It wasn’t the best of games, but following Jack Cannon’s early penalty the hosts did what was required against a poor Sarnian outfit to secure a third win in four years against their nearest rivals.
I think we can safely throw away the underdogs tag, along with the assumption that Guernsey FC’s inclusion in the UK leagues is the be-all and end-all.
The vocal travelling fans enjoyed jeering substitute Jay Reid off the field after he turned his Muratti return into a ten-minute red-card cameo, however their own players gave them next to nothing to get excited about (despite their supposed superiority through weekly tests in Bostik South as GFC).
Jersey were better from one to 11 without setting the game alight, but in football the result is rarely trumped by the performance. A close-cut, gritty win ultimately brings the same reward as a one-way trouncing, although Martin Cassidy will surely take greater satisfaction from the way in which his team ushered Guernsey back to the departures hall empty handed.
Cassidy was unable to prepare his players as he would have liked due to club commitments, but the Scot had quite clearly thought long and hard about tactics. He stood alongside former Aston Villa and Leicester boss Brian Little two years ago when Jersey won by the same scoreline, and that experience has certainly done the Island’s current leader no harm whatsoever.
Best-laid plans can wither away if not understood and welcomed, but Jack Boyle’s men were not guilty of snubbing their duties. They should have done better in front of goal – squandering two glorious three-on-one counter-attacks – but they did also run themselves into the ground ensuring Guernsey would not score.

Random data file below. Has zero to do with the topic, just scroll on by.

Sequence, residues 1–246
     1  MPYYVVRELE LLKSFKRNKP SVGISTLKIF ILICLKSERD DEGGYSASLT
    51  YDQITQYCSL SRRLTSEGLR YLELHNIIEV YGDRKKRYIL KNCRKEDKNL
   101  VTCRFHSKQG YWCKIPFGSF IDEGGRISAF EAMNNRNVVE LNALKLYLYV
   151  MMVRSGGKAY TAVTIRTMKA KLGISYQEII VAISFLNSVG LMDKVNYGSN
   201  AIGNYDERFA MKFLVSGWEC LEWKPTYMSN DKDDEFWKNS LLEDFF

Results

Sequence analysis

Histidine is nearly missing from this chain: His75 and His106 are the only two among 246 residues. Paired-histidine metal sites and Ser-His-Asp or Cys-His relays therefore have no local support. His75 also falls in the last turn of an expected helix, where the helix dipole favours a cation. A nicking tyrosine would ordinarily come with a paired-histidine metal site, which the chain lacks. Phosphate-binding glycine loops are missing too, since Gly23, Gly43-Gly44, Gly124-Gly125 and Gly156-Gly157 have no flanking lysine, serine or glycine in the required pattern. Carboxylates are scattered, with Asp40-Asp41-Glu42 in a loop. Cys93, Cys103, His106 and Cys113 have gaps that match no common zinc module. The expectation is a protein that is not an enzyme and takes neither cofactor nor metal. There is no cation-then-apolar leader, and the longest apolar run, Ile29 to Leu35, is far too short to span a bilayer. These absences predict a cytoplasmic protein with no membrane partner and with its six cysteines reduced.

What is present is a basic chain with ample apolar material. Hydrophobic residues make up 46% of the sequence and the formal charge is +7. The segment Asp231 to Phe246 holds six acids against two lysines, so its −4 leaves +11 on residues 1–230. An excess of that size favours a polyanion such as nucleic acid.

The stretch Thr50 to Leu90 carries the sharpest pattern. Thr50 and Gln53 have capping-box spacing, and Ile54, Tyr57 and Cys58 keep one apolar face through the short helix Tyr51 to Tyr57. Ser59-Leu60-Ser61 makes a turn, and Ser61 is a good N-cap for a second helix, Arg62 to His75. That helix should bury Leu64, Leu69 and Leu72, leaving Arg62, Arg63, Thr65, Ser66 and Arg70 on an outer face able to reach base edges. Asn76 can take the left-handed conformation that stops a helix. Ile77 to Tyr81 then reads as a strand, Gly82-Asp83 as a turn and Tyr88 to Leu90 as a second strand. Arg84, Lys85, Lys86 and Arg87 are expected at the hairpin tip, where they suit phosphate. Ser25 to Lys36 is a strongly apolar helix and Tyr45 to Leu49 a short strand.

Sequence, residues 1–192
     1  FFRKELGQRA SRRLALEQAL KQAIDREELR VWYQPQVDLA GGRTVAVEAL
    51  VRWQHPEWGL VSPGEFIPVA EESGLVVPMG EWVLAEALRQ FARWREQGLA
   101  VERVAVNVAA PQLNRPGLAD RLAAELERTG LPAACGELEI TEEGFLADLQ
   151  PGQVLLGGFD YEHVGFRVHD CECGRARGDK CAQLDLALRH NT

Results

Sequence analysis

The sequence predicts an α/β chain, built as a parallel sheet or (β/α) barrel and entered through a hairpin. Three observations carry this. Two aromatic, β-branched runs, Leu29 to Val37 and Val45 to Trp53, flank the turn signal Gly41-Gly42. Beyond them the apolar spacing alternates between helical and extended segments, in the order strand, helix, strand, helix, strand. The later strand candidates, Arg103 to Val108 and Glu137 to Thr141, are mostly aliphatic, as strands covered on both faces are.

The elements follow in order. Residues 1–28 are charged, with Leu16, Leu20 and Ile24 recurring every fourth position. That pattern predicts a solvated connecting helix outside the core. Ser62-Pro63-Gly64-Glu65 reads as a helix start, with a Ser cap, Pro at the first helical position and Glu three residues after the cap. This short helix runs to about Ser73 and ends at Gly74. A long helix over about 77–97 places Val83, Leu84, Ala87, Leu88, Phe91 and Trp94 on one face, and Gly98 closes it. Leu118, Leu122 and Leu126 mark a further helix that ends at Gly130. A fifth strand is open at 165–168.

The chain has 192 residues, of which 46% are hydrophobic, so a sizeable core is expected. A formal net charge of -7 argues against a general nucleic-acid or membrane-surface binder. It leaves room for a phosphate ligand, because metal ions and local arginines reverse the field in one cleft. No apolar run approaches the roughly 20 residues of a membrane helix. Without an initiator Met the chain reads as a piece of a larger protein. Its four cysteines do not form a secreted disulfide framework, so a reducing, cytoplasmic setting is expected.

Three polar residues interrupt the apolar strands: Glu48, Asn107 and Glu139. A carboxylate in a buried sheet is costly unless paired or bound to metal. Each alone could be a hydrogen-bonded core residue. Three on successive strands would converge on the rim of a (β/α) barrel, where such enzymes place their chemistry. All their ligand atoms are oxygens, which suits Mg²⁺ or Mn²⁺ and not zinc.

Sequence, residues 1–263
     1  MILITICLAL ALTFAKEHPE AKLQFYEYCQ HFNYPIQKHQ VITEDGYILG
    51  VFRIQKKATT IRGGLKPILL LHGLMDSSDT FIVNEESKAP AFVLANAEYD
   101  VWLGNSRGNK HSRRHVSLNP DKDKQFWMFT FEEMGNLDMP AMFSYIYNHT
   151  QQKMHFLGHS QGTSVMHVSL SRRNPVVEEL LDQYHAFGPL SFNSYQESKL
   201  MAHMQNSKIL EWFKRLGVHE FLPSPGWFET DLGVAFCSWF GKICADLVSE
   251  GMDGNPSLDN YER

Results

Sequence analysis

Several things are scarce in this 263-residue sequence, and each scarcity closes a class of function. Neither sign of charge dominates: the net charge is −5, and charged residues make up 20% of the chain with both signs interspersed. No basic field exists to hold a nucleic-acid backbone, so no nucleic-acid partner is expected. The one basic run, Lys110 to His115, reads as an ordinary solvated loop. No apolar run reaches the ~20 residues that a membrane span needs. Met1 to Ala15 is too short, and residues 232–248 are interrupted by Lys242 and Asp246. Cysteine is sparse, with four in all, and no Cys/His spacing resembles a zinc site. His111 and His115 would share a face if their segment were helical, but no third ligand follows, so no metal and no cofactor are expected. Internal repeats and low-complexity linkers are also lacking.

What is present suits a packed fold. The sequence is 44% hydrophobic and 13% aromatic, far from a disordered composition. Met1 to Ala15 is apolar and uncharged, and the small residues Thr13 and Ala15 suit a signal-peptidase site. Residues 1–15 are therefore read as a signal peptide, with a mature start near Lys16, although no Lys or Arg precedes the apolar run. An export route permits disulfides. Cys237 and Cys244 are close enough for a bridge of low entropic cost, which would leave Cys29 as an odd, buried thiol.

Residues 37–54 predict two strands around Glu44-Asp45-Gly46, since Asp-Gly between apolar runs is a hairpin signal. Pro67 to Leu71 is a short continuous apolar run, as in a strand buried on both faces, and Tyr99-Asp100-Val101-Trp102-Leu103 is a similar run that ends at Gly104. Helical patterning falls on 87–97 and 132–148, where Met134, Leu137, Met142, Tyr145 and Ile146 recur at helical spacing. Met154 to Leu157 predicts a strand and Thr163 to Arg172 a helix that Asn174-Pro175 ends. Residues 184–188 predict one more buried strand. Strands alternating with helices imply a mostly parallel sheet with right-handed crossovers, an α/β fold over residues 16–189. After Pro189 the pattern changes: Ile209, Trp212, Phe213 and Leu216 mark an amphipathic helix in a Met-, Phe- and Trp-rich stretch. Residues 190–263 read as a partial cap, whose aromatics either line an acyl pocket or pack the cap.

Kamen Nafkha and Adam Trotter will be proud of their first Muratti appearances, while the efforts of Luke Campbell and James Quérée at the heart of the defence were outstanding.
Quérée, named man-of-the-match, said: ‘We all knew what we had to do today and there were 11 leaders, 11 match winners out there.
‘We knew what Guernsey would present and that it would require lots of hard work and togetherness. Guernsey were the favourites but we know we’ve got talent here and we’ve proved ourselves again.’
The anticipation and excitement surrounding that 100th Muratti in 2016 were never going to be replicated, but programme notes from both sides of the tunnel made no attempt to dilute the significance of the latest final.
As Guernsey player-manager Chris Tardif put it, the Muratti is ‘one of the smallest medals in football, but one that means the most’, while his counterpart Cassidy marked it as a day for his players to ‘show up and deliver’ on the biggest stage in Channel Islands football.
Show up and deliver Jersey certainly did.
The men in red dealt with the pressure-cooker situation inside the Springfield fences much better than their opponents in the first half, with Guernsey being forced to chase and defend rather than imposing themselves.
The Weir brothers – Michael and Calvin – flanked the midfield superbly with equal measures of pace and determination, and it was the latter who earned his side the penalty which proved the difference.
Frontman Russell may not have scored a Muratti goal in five years (I won’t mention his gilt-edged volley from seven yards which skewed out for a throw), but his experience, strength and work-rate were all crucial to the overall effort.
Guernsey improved after the break, though their fans remained frustrated. They mustered just one shot on target which Euan van der Vliet blocked with a leg, and could have had no complaints had Jersey been more clinical on the counter.
Cassidy said beforehand that he wanted an early goal. Something to cherish. Something to protect.
He got just that, and now has the Muratti Vase to treasure into 2019.
Comment from Jason Fox. JEP Match report in Monday’s Final Whistle.